Lost History

The Holy Grail

by Frank Joseph

About 800 years ago, a French poet told of the Grail for the first time. Chretien de Troyes described it as a shining ob­ject and the world’s most precious treasure. “No gem can compare to the Grail,” he wrote. Later, Wolfram von Eschenbach declared that the Grail was a huge emerald owned by a brotherhood of pure-hearted knights, who kept it under guard in a mountain castle. According to the German writer, anyone allowed to approach the Grail when it began to glow received great…

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The Vinland Map Is for Real

By Frank Joseph

Scholars, convinced our continent was hermetically sealed off from the outside world before the arrival of Christo­pher Columbus, have been struck a heavy blow. A map long branded a hoax, because it indicates European awareness of America prior to 1492, has been found to be genuinely pre-Columbian. Last July, world-class experts in document authentication at the Royal Danish Academy of Fine Arts presented the results of their study at Copenhagen’s International Conference on the History of Cartography. According to Rene Larsen, director of the School…

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Knights Templar and the Much-Traveled Head of John the Baptist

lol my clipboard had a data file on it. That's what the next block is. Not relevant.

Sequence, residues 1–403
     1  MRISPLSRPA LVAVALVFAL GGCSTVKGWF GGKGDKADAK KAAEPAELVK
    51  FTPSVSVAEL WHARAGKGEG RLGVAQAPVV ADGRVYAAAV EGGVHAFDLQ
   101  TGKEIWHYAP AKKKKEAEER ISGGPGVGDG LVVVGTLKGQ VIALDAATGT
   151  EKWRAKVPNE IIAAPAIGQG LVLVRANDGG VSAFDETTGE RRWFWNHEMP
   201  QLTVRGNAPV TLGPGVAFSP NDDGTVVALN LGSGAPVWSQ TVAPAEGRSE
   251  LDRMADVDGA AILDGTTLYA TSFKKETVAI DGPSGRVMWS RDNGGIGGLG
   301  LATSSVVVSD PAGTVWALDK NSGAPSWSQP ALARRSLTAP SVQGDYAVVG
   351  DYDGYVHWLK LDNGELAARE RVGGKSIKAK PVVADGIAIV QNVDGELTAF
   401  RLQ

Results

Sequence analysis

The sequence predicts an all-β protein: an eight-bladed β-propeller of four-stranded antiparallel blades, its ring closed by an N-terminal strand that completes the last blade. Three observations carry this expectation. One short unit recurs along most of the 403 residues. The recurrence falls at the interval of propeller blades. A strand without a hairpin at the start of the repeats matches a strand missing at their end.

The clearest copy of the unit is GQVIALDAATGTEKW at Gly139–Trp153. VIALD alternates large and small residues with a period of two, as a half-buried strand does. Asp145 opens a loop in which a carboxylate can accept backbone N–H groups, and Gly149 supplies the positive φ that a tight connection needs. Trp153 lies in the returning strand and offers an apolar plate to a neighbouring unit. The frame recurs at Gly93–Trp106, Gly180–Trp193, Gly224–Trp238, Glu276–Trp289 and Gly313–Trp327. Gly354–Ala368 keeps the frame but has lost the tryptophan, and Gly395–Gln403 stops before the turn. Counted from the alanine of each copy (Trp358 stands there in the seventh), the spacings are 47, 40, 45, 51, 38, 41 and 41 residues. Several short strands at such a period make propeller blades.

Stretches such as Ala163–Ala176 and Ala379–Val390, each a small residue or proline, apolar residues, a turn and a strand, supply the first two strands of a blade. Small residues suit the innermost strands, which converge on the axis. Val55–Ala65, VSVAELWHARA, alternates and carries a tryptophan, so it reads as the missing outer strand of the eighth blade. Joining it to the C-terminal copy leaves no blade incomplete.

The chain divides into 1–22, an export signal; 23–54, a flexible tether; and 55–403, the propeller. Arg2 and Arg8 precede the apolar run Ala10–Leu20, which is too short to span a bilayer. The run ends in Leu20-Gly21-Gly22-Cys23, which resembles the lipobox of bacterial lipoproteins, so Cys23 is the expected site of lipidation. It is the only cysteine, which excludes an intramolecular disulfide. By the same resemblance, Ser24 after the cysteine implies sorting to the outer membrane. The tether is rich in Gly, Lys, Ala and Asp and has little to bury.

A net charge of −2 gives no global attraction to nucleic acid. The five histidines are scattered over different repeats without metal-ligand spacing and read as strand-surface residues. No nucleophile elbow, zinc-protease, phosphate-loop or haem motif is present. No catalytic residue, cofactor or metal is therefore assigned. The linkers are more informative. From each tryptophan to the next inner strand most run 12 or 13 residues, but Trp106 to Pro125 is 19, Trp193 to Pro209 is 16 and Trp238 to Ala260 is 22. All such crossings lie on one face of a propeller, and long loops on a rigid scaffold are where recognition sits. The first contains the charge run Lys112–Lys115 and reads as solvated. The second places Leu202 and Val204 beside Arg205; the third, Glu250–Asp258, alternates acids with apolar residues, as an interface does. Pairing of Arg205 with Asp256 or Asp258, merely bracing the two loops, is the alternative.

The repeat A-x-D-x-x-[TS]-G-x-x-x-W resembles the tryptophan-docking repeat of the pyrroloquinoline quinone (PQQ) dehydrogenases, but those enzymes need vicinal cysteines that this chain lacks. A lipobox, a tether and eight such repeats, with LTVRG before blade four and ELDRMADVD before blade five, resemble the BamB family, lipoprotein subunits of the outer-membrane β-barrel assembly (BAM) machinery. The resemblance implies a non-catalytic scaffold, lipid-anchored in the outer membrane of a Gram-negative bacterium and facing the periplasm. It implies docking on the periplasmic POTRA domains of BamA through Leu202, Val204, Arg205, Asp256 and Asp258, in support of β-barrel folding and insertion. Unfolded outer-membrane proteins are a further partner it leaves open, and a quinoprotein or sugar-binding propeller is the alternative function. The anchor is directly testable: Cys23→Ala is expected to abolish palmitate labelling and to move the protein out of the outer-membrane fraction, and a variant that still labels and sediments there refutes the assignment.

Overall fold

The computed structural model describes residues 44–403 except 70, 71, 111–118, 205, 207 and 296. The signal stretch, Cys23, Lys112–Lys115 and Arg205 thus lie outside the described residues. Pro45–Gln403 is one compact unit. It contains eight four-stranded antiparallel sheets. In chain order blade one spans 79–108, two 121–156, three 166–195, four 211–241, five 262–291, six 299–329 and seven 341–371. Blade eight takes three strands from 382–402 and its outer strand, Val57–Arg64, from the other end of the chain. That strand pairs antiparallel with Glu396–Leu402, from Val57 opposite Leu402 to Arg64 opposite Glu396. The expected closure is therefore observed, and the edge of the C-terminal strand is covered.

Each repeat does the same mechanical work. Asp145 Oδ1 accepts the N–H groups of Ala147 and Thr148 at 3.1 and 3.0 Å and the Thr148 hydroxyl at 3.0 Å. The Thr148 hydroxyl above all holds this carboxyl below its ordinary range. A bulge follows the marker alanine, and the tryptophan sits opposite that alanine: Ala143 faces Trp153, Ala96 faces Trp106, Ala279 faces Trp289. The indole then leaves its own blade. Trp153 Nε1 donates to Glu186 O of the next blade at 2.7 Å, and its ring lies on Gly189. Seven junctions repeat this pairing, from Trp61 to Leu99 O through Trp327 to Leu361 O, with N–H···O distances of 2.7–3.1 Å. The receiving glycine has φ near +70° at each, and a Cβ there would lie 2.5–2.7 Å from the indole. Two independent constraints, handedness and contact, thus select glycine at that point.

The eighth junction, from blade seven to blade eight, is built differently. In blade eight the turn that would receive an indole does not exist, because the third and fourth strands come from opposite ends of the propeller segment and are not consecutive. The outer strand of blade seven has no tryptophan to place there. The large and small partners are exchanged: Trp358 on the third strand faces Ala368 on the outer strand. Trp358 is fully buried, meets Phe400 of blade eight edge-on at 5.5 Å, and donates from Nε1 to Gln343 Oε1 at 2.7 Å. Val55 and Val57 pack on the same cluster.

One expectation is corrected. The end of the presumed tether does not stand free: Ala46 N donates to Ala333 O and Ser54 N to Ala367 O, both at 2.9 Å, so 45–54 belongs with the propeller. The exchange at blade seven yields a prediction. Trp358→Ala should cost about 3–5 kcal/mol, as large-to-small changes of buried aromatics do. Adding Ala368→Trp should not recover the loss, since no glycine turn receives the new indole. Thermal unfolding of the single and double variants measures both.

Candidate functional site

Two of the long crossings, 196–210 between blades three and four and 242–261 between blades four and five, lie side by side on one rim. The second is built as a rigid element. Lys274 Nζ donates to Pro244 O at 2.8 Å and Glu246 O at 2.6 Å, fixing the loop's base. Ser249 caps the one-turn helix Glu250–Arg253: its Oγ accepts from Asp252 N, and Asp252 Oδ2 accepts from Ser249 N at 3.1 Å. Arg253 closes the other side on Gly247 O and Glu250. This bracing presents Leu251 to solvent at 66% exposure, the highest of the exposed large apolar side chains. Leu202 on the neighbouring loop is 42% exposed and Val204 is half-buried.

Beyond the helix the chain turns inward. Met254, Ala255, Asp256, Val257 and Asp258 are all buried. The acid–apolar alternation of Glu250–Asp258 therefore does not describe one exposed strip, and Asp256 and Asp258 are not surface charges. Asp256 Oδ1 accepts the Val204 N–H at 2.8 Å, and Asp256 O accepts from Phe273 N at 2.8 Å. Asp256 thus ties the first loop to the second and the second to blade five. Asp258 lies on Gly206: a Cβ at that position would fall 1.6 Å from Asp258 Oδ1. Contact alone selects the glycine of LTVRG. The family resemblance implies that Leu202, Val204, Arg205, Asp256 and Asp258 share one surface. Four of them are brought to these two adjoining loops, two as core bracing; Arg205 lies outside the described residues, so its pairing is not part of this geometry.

By Steven Sora

During the Crusades, the Templars earned a reputation for bringing home treasures that had been hidden away in both Jerusalem’s Temple of Solomon and Constantinople. No one denies the Templars were fierce in battle, often facing enemies vastly superior in size, yet they were often plunderers on land and pirates at sea; and they brought back jewels, bullion, and spices. The Templars uncovered, some believe, the so-called Copper Scroll, which listed sixty-four treasure stashes, but it was the sacred plunder that may have been the…

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An Italian Odyssey: the Case Pro & Con

By Steven Sora

Was ancient Troy not in Turkey—as is commonly believed—but in Italy? A thriving tourist industry in many Italian locations say it is so. Could they have a point, or did Homer’s great epic unfold, not in the Mediterranean region at all, but in Atlantic territories far to the east and north? Heinrich Schliemann’s claims notwithstanding, historians for over a century have had a hard time buying the idea that a Trojan War was fought in Turkey, as the maverick archaeologist insisted. For one thing, the…

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The Icon that Saved Russia

PHILIP COPPENS

The Virgin of Kazan is one of the most revered Russian religious icons. Its disappearance at the time of the Russian Revolution was a catastrophe, but its resurgence and its link with Pope John Paul II and Fatima has confirmed the icon’s mythical status of securing the fate of “Mother Russia.” The fall of the Iron Curtain in 1989 not only meant a new era for politicians; it also changed the religious land­scape of “Mother Russia”—a once extremely religious country. Communism, after all, had been…